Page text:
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What are tags?

A “tag” is a short description or keyword that you can use to label your receipts. Tags are notnecessary, and many people new to PearBudget don’t use them. But they can be really useful, and once you’re comfortable with them, you can do some pretty cool things with them.

For example, Sarah and I got an oil change on our red minivan last week. We put it in the category “car maintenance.” We then used the tags “oil change” (so we’d remember what work we had done), “red minivan” (so we’d know which car had the oil change), and “Colonial Foreign Car” (so we’d know where we had the work done). None of those tags are necessary, but at the end of the year, we can look back at all of our receipts tagged with “red minivan,” and see how much it cost us over the year. Or, we can see all the work we had done over the year.

We’d write those tags into PearBudget like this (note how we use commas to separate the tags): 

You can make up whatever tags you want. Note that a period or a comma that isn’t followed by a space won’t be split into two tags. So you’d want “kids, clothing” rather than “kids,clothing”. Here are some fancier tag examples:

Single-Use Tags

Using that example from above, with the oil change: let’s say we wanted to include the mileage of the van when we took it in. We could use a “single-use tag,” like this: *134,126. See that asterisk (*)? Now, when we look at our list of tags, that one won’t be in the list, but it’ll still be associated with that receipt, and with the car maintenance category. So at the end of the year, we could look at all car maintenance receipts (or all receipts tagged with “red minivan”) and we’d see the mileage of the car throughout the year. Slick.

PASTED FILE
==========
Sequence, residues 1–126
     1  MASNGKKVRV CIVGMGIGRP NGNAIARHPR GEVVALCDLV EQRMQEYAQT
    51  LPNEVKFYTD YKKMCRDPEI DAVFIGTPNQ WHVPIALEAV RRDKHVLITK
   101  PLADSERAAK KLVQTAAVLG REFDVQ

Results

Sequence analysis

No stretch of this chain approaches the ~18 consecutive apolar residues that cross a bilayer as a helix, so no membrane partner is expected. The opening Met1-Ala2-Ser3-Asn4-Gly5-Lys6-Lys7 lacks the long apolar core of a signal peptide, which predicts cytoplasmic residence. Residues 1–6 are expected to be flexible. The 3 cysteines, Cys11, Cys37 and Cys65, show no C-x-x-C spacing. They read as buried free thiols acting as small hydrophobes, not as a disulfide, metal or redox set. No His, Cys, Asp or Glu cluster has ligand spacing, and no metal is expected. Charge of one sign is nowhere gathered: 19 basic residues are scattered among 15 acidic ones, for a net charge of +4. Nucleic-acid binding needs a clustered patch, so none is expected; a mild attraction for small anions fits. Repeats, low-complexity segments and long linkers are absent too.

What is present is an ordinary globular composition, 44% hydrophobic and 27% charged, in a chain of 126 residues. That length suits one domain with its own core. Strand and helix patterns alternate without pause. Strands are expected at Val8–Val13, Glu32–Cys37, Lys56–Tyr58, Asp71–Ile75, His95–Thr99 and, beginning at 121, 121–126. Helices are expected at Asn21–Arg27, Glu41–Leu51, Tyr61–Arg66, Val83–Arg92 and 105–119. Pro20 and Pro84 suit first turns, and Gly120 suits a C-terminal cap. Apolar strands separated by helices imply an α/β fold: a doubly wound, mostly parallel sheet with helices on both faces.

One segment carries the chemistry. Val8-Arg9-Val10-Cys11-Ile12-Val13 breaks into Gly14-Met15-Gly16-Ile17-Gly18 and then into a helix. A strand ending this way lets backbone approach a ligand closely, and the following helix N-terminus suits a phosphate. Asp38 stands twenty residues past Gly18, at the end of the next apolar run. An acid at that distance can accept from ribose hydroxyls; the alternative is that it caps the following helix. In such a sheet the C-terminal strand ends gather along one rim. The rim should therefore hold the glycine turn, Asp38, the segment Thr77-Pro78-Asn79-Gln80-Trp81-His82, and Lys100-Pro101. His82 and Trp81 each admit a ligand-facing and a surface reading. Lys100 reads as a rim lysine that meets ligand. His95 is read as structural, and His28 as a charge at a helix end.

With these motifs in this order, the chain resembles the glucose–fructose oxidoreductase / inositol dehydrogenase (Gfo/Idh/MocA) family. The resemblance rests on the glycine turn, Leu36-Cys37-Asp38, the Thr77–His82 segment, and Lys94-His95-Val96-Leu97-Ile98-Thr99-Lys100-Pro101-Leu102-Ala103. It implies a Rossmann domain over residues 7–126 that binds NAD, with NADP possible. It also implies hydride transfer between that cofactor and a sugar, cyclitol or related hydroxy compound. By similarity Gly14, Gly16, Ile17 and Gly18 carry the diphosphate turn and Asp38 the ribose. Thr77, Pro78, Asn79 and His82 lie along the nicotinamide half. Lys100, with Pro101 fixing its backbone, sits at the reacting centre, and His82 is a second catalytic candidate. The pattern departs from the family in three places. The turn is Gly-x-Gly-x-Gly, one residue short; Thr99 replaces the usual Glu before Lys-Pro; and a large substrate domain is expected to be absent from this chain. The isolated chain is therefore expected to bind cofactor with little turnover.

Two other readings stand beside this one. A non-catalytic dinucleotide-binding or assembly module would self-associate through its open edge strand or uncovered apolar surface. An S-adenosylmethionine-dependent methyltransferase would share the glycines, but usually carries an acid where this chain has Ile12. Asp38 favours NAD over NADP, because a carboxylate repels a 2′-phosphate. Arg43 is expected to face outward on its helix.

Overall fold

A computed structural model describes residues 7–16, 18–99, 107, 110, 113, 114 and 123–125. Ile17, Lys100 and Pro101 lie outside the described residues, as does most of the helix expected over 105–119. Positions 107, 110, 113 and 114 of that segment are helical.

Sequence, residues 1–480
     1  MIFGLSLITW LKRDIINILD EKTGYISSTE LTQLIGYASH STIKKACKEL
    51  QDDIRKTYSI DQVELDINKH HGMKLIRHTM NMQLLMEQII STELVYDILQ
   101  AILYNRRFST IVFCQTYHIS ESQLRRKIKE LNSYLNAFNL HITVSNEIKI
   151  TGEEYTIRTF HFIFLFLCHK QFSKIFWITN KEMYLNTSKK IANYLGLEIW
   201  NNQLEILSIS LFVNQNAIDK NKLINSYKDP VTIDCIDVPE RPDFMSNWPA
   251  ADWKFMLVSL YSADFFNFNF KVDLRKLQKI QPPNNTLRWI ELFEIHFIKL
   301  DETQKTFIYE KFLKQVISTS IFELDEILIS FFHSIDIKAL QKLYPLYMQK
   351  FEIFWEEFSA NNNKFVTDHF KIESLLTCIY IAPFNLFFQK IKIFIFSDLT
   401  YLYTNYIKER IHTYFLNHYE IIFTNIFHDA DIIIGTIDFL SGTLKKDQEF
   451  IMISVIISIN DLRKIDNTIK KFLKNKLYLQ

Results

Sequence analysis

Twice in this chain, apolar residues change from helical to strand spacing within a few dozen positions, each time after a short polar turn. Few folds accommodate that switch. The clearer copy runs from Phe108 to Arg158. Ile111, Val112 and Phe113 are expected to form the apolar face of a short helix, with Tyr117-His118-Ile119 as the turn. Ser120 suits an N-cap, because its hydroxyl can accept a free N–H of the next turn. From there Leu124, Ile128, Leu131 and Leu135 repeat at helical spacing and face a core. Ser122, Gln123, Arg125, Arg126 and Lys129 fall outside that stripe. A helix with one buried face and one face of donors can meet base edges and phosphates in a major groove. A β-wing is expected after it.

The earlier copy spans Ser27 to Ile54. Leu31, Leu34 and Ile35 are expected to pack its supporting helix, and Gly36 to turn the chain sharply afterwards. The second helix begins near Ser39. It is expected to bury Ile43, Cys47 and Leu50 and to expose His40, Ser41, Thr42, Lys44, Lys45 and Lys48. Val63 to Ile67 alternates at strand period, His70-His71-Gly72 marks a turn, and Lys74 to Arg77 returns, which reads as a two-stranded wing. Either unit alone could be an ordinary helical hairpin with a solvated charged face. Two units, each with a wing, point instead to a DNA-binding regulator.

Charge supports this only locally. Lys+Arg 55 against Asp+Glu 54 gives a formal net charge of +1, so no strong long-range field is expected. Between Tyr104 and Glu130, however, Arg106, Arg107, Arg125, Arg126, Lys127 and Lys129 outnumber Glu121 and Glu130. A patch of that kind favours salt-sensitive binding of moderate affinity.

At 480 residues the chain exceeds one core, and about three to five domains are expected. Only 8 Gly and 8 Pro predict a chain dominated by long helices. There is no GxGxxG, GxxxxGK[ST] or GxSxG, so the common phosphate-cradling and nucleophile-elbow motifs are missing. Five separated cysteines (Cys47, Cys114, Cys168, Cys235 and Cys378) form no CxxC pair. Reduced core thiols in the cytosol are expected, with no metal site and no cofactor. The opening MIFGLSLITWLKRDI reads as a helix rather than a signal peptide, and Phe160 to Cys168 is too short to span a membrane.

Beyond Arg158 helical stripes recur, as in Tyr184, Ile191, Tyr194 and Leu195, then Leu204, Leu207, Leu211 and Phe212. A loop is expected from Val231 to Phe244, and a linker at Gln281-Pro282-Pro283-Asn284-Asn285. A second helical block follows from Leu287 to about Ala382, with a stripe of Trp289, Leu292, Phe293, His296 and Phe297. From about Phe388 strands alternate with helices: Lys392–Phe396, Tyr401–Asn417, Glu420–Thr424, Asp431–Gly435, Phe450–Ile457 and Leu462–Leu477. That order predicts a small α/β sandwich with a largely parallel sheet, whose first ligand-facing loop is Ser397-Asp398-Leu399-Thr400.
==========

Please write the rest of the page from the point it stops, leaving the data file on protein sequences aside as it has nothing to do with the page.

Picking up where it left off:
Checkbook Balancing

You can use tags to give you an easy way to balance your checkbook. Whenever you write a check and you enter it into PearBudget, use two tags — the tag “check” and the single-use tag of the check number (so, “*1034” or whatever).

Whenever you want to balance your checkbook, just do this: get your last bank statement (or go online to get it), and look up your check tag on PearBudget. PearBudget will tell you all of the checks you’ve written, and your bank will tell you all of the checks that have been cashed. So you can quickly see which ones are still outstanding, and you can quickly figure out how much money you really have available in your checking account.

Tracking Credit Card Use

Let’s say you want to know what your credit card bill will be before you get it in the mail. Just use the tag “visa” (or whatever) to note which expenses you used the card with. PearBudget will tally up your expenses across categories, and you can see what you’ve spent over the month, regardless of the category you spent it on.


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